commented lavishly about how talented they were. Granted they are
talented; but did they really show up the Michigan Band, as you claim? If
you had gotten off your duff and done- some more homework, you might
have discovered that Michigan's freshman twirler was actually invited after
the game by one of the Purdue twirlers to teach at a summer twirling
camp at which the Purdue twirlers are also instructors...
I would hope for the future that, should you continue to be a cheap-

shot artist you will at least get your facts straight! As a journalist, this is
your foremost responsibility to your readers.
Sincerely,
M. Edwards
Ann Arbor

Wolverine wrestler Jason Cluff lost to Michigan St.'s Soo Thackthay in the 188-pound weight class Saturday.
Bahr happy with young wrestlers
showing at Eastern Michigan Open

by Matt Rennie
Daily Sports Writer
Michigan wrestling head coach Dave Bahr had a
chance to view both the near and distant future during
Saturday's Eastern Michigan Open. Not only did his
veterans face some stiff competition, but his heralded
first-year wrestlers also got their first taste of
collegiate wrestling.
The field was highly competitive, with half the Big
Ten present.
Overall, Bahr was pleased with what he saw.
"This is a good place to start," he said. "We had
some good performances and some not so good
performances. There was some really good wrestlers
here today."
He was particularly pleased with his rookie class, a
group which recruiting experts ranked second in the
country last year. "I thought our young kids looked
really solid. Joey Gilbert was very impressive," he
said.

number one in the country.
Gotcher will have plenty of opportunities to face
Dolph again during the course of the season, and he is
already thinking about that. "I've got to open up more.
He's not going to score a lot on me," Gotcher said. "I
know I can beat him."
Sam Amine, who finished third at 158 pounds,
turned in a strong performance, avenging his only loss
with a 6-1 victory in the consolation finals.
Jim Feldkamp, a 142-pounder, and Lanny Green, at
167, also placed in the top four of their classes.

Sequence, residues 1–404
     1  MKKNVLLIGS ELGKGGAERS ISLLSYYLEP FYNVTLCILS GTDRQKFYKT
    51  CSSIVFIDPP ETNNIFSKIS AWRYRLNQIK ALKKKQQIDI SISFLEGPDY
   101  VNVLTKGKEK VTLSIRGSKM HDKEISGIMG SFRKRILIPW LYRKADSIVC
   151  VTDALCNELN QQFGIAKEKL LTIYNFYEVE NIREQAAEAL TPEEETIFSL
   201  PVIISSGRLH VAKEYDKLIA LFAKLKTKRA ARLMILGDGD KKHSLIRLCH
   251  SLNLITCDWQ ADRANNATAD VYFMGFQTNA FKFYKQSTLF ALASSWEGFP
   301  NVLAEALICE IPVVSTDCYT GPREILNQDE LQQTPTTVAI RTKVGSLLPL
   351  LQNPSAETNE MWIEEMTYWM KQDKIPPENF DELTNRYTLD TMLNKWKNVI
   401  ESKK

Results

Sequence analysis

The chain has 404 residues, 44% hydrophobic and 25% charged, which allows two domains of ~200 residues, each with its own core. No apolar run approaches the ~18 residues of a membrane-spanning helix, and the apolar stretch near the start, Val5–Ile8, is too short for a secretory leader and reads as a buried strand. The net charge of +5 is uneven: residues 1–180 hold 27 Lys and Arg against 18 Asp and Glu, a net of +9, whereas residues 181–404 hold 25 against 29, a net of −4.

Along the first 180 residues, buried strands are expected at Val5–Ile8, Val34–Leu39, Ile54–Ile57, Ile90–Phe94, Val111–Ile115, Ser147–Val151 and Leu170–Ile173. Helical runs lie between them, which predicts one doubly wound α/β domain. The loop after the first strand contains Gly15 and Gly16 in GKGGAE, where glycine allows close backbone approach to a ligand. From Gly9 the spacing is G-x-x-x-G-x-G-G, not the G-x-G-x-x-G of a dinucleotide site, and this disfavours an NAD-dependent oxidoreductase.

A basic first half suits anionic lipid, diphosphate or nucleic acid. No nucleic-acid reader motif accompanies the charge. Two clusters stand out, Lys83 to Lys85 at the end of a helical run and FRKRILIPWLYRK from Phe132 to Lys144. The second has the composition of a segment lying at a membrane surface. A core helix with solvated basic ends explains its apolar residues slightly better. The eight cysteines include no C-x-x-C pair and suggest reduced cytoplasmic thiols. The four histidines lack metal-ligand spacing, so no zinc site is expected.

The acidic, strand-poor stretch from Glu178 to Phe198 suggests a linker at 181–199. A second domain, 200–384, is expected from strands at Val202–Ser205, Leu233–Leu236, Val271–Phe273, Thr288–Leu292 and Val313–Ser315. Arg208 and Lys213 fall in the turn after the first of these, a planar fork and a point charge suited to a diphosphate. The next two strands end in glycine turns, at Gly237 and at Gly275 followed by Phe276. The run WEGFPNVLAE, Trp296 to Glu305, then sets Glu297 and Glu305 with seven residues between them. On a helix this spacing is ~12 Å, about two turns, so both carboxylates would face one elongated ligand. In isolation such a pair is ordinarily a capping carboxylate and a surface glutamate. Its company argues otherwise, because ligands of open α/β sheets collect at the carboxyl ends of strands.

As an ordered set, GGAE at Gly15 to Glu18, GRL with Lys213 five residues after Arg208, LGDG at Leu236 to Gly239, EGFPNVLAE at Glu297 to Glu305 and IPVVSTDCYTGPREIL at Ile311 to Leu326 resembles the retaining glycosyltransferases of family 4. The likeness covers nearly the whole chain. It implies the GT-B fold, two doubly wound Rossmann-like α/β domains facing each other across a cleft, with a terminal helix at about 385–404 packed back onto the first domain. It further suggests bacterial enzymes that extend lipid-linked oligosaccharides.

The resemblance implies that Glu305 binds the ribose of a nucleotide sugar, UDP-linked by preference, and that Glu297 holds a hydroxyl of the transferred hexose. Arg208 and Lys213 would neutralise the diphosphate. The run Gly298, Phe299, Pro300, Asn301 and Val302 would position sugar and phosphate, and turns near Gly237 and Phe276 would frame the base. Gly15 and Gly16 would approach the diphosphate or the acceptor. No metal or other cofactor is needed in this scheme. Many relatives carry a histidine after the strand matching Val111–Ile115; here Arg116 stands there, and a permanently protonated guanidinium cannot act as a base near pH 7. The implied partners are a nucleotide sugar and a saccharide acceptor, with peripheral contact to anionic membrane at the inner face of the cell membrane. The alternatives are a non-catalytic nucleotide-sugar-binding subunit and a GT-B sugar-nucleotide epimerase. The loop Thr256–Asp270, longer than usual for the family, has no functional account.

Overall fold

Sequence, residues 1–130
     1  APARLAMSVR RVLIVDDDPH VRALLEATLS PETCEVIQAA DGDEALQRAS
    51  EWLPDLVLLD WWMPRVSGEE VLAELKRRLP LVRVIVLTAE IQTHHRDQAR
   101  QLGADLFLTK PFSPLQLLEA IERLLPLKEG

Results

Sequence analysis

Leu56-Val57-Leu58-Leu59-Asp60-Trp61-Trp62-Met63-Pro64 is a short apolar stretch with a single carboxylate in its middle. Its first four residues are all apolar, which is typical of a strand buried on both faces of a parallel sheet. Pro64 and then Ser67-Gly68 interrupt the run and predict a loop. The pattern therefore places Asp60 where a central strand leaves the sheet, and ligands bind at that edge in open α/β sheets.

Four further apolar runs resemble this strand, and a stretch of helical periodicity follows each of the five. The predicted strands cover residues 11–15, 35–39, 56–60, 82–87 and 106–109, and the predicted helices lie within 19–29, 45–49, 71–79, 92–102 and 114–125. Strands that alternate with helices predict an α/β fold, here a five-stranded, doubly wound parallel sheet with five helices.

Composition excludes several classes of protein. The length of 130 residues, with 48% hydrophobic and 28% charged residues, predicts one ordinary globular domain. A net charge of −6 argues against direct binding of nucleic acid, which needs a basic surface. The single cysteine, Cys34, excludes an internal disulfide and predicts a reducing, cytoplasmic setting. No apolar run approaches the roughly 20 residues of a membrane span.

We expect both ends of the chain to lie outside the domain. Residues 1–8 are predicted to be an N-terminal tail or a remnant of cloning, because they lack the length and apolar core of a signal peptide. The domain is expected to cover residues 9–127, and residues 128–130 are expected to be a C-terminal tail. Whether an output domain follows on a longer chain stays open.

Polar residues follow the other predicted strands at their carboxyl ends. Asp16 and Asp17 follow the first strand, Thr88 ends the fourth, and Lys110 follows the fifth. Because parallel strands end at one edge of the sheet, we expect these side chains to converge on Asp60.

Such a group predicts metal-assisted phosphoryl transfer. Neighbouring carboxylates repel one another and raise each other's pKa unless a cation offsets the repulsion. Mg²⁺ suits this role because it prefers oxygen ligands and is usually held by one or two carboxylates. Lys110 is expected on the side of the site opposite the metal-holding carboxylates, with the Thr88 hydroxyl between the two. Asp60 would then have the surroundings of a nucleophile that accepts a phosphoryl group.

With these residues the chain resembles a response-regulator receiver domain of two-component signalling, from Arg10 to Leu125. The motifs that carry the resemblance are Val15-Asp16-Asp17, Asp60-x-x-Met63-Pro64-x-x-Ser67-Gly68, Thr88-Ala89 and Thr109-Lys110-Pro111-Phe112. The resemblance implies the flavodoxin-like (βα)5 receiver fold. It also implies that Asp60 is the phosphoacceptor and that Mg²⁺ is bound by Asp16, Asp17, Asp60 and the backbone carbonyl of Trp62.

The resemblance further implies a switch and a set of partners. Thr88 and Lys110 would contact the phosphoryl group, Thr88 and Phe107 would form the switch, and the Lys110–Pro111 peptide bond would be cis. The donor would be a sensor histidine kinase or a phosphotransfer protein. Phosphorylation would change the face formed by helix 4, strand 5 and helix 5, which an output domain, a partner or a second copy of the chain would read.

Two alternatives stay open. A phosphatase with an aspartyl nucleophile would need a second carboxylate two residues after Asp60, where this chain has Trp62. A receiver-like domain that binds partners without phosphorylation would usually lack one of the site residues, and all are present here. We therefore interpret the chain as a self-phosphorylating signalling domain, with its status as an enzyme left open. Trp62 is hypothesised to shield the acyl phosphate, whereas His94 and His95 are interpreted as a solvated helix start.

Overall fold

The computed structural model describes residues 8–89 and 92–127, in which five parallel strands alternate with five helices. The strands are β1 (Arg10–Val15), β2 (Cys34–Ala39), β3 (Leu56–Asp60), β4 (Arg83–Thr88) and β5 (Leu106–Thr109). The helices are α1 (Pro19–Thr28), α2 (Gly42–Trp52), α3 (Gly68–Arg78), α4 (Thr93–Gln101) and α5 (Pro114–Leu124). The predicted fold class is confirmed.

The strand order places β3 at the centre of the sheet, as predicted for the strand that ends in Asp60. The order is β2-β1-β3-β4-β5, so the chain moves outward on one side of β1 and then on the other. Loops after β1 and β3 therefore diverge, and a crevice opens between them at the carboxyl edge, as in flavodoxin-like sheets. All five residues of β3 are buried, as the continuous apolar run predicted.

The Wolverine frosh left their impression on all
present. In addition to Gilbert, Sean Bormet looked
strong in the 150 class. Despite his impressive
showing, Bormet will probably be redshirted because
of the presence of Gotcher.
Lehrke said this year's open was typical of these
early tournaments. "Everyone's a little bit rusty. We
have to make the effort and get that concentration
back."

Hey, M:
You wouldn't know sarcasm if it jumped out of the ground and bit you on
the nose. Did you actually think, for a minute, that I was actually praising
the Purdue twirlers? I guess you kind of glossed over that part about
"redshirt sophomore Bea Arthur" being next in line for the Golden Girl
slot. Sarcasm, M, sarcasm. Maybe I can give you a quick example of this:
Gee, M, I'm really psyched that one of our twirlers is good enough to
teach in a summer twirling camp. That just makes me want to stand up
and sing "The Peanut Vendor" in exultant joy. See? That's sarcasm, M.
By the way, M, aren't you the guy who sends James Bond out on all
those cool missions? Why the secrecy? Now, about the Maryland band
being the one to play the Blues Brothers instead of the band I incorrectly
named - Indiana. OK, M, you got me. I guess it was Maryland that
kicked your butt instead of Indiana. My mistake. Oops. Now, M, I like
the Michigan Marching Band. When 225 members come cascading into
the stadium, I get goose bumps just like everybody else. I like the
formations, too, and I love the high step, even though you inexplicably
accuse me *of liking the bass drum better. And I surely did not call the
Marching Band lame. Never did I rip on anything but the choices of songs
tjn n _. 1__ '- - _ - - --- -,..1...a: . .:.L.i T.I-2 -_IAI_-